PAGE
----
MOGADISHU, Somalia – Pirates freed 36 crew members from a Spanish trawler Tuesday after holding them for more than six weeks. A self-proclaimed pirate said the hostage-takers were paid $3.3 million in ransom, while Spain's prime minister said the country did what it had to do.
Prime Minister Jose Luis Rodriguez Zapatero said the tuna boat Alakrana "is sailing toward safer waters. All of its crew members are safe and sound." The release came despite the fact that two Somali pirates in Spanish custody soon will stand trial for kidnapping and related charges.
A Somali villager named Ali Ahmed Salad said 12 armed pirates left the ship shortly after noon Tuesday and joined colleagues near the pirate town of Haradhere.
Ali Gab, a self-proclaimed pirate, told The Associated Press that a boat delivered $3.3 million in ransom. Gab said pirates began leaving the ship shortly afterward, and that a Spanish warship nearby watched the proceedings.
The EU Naval Force said the Alakrana had made its way to the open sea late Tuesday, accompanied by two Spanish warships that would see the trawler to safety.
"Alakrana stated in her call that all the pirates had disembarked the ship and that she had sufficient fuel," the force said in a statement. "The captain also reported that the crew of 36 were in good health."
Zapatero was evasive when asked if the government had taken part in payment of a ransom. "The government did what it had to do," he told a news conference in Madrid after talks with the president of Hungary.
"The important thing is that the sailors will be back with us," Zapatero said. "The first obligation of a country, of the government of a state, is to save the lives of its countrymen."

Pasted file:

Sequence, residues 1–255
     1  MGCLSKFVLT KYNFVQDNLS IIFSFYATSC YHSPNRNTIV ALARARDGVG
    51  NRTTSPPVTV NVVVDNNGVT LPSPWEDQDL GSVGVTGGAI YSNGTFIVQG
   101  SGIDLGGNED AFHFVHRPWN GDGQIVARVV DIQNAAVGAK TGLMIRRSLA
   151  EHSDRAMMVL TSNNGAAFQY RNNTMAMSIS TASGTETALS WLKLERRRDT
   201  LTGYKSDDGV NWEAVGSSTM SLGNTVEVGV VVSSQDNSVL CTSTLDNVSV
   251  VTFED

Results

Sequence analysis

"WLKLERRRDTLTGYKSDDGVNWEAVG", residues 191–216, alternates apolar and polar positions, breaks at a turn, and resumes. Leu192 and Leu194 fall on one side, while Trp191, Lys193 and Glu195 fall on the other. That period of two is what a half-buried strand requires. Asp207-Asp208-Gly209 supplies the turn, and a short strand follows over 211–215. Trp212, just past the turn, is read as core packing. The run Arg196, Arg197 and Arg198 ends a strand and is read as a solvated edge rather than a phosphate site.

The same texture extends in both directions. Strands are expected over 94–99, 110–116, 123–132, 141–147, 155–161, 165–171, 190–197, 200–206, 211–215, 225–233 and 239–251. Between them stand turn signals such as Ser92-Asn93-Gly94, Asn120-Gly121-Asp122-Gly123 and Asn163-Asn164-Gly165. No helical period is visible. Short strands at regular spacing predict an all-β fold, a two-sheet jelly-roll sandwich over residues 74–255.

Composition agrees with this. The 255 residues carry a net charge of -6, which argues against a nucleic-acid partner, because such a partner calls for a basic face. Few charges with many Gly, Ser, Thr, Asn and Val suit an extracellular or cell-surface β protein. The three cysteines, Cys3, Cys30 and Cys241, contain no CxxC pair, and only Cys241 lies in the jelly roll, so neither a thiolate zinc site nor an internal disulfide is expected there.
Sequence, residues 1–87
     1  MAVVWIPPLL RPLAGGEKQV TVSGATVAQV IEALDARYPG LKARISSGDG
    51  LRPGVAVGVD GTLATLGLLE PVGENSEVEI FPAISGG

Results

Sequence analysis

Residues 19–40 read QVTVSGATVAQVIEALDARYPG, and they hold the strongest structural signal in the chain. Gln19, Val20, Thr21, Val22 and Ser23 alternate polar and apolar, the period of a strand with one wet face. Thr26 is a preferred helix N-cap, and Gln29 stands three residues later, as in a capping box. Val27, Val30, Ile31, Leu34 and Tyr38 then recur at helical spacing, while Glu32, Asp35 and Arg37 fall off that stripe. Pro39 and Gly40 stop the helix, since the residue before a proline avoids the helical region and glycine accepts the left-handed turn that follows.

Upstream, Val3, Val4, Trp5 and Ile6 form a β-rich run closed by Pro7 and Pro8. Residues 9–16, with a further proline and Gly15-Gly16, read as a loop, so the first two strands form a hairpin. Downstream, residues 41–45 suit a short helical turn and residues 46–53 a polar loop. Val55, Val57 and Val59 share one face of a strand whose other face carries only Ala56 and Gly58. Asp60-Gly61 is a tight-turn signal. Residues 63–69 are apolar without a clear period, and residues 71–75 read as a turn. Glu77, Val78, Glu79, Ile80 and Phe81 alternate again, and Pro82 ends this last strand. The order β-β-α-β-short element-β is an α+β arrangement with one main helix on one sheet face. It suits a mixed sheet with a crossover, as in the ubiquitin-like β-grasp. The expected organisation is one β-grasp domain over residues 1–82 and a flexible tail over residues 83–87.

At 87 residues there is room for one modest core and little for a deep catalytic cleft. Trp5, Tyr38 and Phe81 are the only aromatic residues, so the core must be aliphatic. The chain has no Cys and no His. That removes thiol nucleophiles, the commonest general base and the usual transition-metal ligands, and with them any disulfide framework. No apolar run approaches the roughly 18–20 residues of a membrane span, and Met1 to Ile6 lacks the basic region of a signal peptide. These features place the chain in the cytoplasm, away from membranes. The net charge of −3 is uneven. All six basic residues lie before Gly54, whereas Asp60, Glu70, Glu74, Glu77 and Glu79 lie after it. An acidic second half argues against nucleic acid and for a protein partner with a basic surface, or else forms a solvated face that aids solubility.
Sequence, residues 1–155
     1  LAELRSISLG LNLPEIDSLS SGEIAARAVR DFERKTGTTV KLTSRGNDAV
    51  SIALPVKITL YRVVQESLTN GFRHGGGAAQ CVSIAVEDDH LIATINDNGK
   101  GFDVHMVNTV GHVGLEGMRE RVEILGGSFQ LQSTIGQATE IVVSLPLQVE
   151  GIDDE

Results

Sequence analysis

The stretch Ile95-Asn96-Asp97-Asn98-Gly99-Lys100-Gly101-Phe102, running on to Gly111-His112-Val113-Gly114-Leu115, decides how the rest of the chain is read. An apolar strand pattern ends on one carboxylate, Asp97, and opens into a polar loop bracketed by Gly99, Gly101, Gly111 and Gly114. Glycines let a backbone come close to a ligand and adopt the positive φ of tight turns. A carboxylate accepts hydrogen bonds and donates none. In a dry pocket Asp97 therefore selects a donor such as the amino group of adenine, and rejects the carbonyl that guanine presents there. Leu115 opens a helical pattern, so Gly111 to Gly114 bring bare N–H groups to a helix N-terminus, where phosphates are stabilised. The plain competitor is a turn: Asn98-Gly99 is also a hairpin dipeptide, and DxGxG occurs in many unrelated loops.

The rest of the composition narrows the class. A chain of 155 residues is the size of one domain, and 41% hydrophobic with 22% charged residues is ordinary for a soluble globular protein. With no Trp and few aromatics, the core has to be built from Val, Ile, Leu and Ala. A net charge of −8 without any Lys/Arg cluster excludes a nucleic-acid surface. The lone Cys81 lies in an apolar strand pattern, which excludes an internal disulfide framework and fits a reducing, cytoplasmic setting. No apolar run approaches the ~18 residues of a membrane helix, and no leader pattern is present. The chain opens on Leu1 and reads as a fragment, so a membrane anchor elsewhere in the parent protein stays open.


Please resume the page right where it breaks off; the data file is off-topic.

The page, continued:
In April 2008, the Spanish government reportedly paid a ransom of $1.2 million to win the release of another Spanish trawler seized by pirates off Somalia, that time with a crew of 26. The ordeal lasted a week.
The reported ransom payment demonstrates why pirate attacks have been on the rise. The millions of dollars a successful hijacking can bring is a windfall in impoverished and war-ravaged Somalia.
The trawler had been seized Oct. 2 with 16 Spaniards, eight Indonesians and 12 crew from five African countries aboard.
The pirates holding the Alakrana had been pressing for the release of two colleagues who were captured by Spanish naval forces a day after the hijacking and eventually brought to Madrid to face charges.
The Spanish government has been working feverishly to find some sort of legal formula that would allow it to try them and send them back to Somalia quickly in hopes of appeasing the pirates who remained in control of the trawler.
In the end, the hostages were released with the two Somali suspects still in custody in Madrid. They were formally charged with kidnapping and related charges Monday.
In the latest attempted hijackings, pirates attacked two vessels Monday off East Africa, successfully capturing one of the ships and its crew of 28 North Koreans, officials said Tuesday.
The pirates attacked a chemical tanker named the MV Theresa with the 28 crew members on board, the European Union's anti-piracy force said. The vessel, which was operated out of Singapore, had been heading to the Kenyan port town of Mombasa. The EU force did not say what kind of chemicals were on board.
In a second incident Monday, pirates attacked a Ukrainian cargo ship with AK-47 rifles and rocket propelled grenades after two small skiffs detached from a mother ship. Harbour, the EU Naval Force spokesman, said that private security guards on board fired on the pirates, wounding two. The pirates then broke off the attack, the force said, Harbour said the Ukrainian ship was not hijacked.
A Somali man who claims to be a spokesman for the pirates, Gedi Ali, said Tuesday that pirates had captured the Ukrainian ship. Ali also said two pirates were wounded in the attack.
Pirates hold around a dozen ships and more than 200 crew. Attacks have increased in recent weeks as the monsoon season subsided. An international flotilla of warships now patrols the Indian Ocean and Gulf of Aden, but pirates continue to carry out attacks because of the millions of dollars that can be made from a successful hijacking.